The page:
Chef Travis Wright died Aug. 18 at his home in Ocean City, Maryland. He was 45.
“Travis played a huge role in changing the game not just in Ocean City, but in the region,” friend and fellow chef Chad Wells wrote online. “I am so thankful for his important contributions to our food community and I am at an absolute loss for words. Our culinary world lost a superstar and even more so, the world lost an awesome person.”
Born in Arlington, Virginia, to Gary J., a software engineer, and Cheryl Wright, an educator, Mr. Wright grew up spending summers in Ocean City. It was there that he would later open a restaurant, The Shark on the Harbor, which he ran for nearly two decades with his wife, Jody Kelly Wright.
“We met in 2000 when he was first coming to this area,” said Mrs. Wright, who was working in marketing at the time. “We just decided that we would make a good team.”
The couple enjoyed attending concerts together — Mr. Wright had played drums in a band while in high school — and traveling to places like Belize when they could. Food was always a starring part of vacations. “We did a lot of looking for great food and enjoying great food," Mrs. Wright said.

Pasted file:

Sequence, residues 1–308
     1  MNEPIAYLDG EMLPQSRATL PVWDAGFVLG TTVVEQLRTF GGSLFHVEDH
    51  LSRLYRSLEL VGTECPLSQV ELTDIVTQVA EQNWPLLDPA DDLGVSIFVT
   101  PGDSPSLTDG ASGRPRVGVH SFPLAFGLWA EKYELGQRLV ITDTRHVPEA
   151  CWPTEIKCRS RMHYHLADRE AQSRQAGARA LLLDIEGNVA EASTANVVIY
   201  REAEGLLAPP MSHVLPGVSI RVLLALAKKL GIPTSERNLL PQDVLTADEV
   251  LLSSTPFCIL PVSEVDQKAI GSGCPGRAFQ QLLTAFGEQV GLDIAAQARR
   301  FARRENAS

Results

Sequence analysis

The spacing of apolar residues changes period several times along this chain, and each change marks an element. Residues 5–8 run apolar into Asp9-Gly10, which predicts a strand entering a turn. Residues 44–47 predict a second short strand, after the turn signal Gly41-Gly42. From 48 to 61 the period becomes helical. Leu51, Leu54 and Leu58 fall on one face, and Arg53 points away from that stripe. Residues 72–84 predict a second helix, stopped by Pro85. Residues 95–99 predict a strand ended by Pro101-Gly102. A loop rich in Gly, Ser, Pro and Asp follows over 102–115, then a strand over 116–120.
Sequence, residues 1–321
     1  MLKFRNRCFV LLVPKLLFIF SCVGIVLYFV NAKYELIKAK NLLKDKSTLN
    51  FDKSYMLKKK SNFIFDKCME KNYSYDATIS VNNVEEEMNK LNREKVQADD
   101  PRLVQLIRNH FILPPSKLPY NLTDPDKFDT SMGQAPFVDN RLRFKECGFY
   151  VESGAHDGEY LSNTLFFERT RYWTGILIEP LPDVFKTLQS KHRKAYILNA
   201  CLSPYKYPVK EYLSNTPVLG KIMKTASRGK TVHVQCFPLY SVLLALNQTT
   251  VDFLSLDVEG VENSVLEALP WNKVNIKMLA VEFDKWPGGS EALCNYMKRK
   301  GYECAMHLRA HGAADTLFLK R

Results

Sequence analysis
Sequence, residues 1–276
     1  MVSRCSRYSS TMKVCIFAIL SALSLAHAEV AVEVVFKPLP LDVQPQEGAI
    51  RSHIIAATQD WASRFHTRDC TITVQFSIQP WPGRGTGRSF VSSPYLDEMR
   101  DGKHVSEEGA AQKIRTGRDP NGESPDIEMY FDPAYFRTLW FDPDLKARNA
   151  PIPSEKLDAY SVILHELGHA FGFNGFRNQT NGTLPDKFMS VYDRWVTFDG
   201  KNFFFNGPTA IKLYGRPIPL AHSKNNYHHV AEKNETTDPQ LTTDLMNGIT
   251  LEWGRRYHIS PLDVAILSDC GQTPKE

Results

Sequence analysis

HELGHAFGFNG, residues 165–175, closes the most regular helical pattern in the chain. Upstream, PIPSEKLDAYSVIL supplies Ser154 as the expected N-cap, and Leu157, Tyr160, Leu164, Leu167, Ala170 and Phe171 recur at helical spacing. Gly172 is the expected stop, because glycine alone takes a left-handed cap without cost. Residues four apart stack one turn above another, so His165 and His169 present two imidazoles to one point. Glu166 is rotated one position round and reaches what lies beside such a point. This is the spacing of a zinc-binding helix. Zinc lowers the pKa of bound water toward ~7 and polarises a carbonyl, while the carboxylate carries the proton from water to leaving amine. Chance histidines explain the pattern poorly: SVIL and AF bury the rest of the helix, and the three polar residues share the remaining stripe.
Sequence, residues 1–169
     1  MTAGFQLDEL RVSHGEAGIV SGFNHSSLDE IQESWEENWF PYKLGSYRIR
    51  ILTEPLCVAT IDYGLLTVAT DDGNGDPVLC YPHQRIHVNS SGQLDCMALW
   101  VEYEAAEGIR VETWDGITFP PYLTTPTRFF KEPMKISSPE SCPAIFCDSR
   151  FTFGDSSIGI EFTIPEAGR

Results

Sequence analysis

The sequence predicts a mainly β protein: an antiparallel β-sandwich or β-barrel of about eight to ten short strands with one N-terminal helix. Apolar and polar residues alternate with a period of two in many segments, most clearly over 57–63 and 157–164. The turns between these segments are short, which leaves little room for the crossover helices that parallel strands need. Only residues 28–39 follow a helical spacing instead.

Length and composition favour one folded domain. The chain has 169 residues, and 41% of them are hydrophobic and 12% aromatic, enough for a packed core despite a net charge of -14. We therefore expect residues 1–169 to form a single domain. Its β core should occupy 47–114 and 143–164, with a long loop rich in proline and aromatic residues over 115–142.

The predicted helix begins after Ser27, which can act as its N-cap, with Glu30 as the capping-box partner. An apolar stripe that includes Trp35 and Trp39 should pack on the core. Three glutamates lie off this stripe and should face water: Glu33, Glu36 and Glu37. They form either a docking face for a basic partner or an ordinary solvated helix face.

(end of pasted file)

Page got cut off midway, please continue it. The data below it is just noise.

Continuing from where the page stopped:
The menu at The Shark on the Harbor changed daily according to what was in season. Mr. Wright told a Baltimore Sun reporter this summer that he worked seven days a week, and was frequently on the phone with watermen and seafood purveyors to discuss the day’s catch. Boats delivered fresh seafood to the dock below the restaurant’s waterfront location, where it moved in 2008.
“It’s really hard,” Mr. Wright said, asked why his local-first, farm-to-table approach didn’t have more imitators in the area. “It’s much easier to write a menu [that doesn’t change for six months] than trying to do this on the fly every night. It takes recruiting and retaining really talented staff.”
Mrs. Wright said she intends to keep the restaurant open with the current kitchen staff. “I’m committed to doing whatever I need to do to keep our team intact,” she said. “I will make sure we … we continue to make him proud,” she said.
In addition to his wife, he is survived by a sister, Carly Jill Wright of Alexandria, Virginia.